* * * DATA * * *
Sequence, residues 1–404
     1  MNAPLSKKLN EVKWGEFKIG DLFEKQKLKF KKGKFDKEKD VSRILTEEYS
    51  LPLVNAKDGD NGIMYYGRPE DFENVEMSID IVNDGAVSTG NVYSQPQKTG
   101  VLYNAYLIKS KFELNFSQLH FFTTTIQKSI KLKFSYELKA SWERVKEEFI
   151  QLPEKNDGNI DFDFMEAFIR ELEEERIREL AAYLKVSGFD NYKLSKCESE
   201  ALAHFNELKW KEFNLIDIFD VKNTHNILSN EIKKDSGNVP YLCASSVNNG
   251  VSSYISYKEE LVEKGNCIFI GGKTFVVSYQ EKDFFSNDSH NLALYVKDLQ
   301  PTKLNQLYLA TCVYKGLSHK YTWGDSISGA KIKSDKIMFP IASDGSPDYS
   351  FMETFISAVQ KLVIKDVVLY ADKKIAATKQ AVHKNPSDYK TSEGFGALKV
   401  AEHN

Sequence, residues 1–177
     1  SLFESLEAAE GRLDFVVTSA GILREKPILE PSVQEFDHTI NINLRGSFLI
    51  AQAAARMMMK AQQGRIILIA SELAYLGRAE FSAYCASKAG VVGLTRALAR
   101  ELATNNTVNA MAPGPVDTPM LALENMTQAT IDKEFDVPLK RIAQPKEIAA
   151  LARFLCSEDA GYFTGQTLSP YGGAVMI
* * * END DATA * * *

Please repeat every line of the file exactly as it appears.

Sequence, residues 1–404
     1  MNAPLSKKLN EVKWGEFKIG DLFEKQKLKF KKGKFDKEKD VSRILTEEYS
    51  LPLVNAKDGD NGIMYYGRPE DFENVEMSID IVNDGAVSTG NVYSQPQKTG
   101  VLYNAYLIKS KFELNFSQLH FFTTTIQKSI KLKFSYELKA SWERVKEEFI
   151  QLPEKNDGNI DFDFMEAFIR ELEEERIREL AAYLKVSGFD NYKLSKCESE
   201  ALAHFNELKW KEFNLIDIFD VKNTHNILSN EIKKDSGNVP YLCASSVNNG
   251  VSSYISYKEE LVEKGNCIFI GGKTFVVSYQ EKDFFSNDSH NLALYVKDLQ
   301  PTKLNQLYLA TCVYKGLSHK YTWGDSISGA KIKSDKIMFP IASDGSPDYS
   351  FMETFISAVQ KLVIKDVVLY ADKKIAATKQ AVHKNPSDYK TSEGFGALKV
   401  AEHN

Sequence, residues 1–177
     1  SLFESLEAAE GRLDFVVTSA GILREKPILE PSVQEFDHTI NINLRGSFLI
    51  AQAAARMMMK AQQGRIILIA SELAYLGRAE FSAYCASKAG VVGLTRALAR
   101  ELATNNTVNA MAPGPVDTPM LALENMTQAT IDKEFDVPLK RIAQPKEIAA
   151  LARFLCSEDA GYFTGQTLSP YGGAVMI